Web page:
2. Becoming the first major Soviet victory against the Germans during Operation Barbarossa, the Yelnya Offensive – becoming a rallying cry across Russia – nevertheless cost the Red Army greatly
Located eighty-two kilometers south-east of Smolensk, the town of Yelnya was regarded by the advancing German forces as a strategically sound position from which to launch an offensive towards Moscow. Forming the Reserve Front under Marshall Zhukov, these poorly trained and equipped Soviets were commanded to throw back the Germans from the Yelnya heights and prevent this plan from taking place. Attacking on August 30, 1941, Zhukov, understanding the limitations of the recruits under his command, sought to encircle the Germans and force either surrender or a strategic retreat.
Succeeding on September 3, having suffered 23,000 casualties, the Germans withdrew rather than allow themselves to be surrounded. However, the Soviets in contrast suffered at least 31,000 casualties – with a far higher mortality rate – whilst the town’s 15,000 inhabitants were either killed or enslaved by the retreating Germans. Becoming the first substantial reversal infliction upon the Wehrmacht during Operation Barbarossa, the Soviets exploited the offensive as a major propaganda boon, even allowing foreign correspondents to visit the battlefield. Nevertheless, more recent military assessments have concluded the horrendous losses severely impacted future Soviet defensive capabilities and undermined their ability to contain and withstand subsequent German offensives into Russia.
1. Defining the Winter War between the Soviet Union and Finland, the Battle of Suomussalmi saw 11,500 Finns defeat approximately 50,000 Soviets in a prime example of how a smaller and better-organized force can surpass a numerically superior enemy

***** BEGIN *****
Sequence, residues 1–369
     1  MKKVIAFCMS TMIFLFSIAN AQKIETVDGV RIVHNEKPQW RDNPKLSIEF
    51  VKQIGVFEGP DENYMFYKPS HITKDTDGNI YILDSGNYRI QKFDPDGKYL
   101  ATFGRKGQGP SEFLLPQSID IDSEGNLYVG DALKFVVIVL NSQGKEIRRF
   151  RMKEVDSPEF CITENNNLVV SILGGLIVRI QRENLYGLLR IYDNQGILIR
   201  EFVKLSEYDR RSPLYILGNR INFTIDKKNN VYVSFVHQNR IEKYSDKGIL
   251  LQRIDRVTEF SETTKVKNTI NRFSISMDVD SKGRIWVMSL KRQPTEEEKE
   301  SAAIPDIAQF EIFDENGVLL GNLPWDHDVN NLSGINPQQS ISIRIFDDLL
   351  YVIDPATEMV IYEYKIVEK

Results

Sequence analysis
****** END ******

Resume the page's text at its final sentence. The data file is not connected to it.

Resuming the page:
Beginning on November 30, 1939, three months after the formal beginnings of World War Two, the Winter War saw the Soviet Union declare war and attempt to seize Finnish territory with a mind towards establishing a puppet communist government. Advancing on Suomussalmi on December 7, the Finns withdrew without contest to the opposite shores of Lakes Niskanselkä and Haukiperä to await the Soviet offensive. Failing to cross the lakes the following day, the Soviets subsequently sought to circumvent the obstacles and attack the Finnish positions from the northwest. Similarly failing, the encouraged Finns were reinforced on December 9 by additional soldiers and initiated a counter-offensive to retake Suomussalmi.
Continually failing in their attacks against the outnumbered Finnish, on December 27 the Finns triumphed and broke the Soviet lines to retake the village. Retreating in panic, the Finns pursued and rolled up supporting regiments of Soviets, pushing them all the way back to the Russian border. Providing a decisive morale boost for the outgunned Finnish army, capturing a huge quantity of valuable equipment in the process, the Soviet Union was forced to reorganize and commit far greater resources than they had originally planned to the campaign. Losing less than two thousand of their own, the Finns had successfully killed almost thirty thousand Soviets and captured more than two thousand more.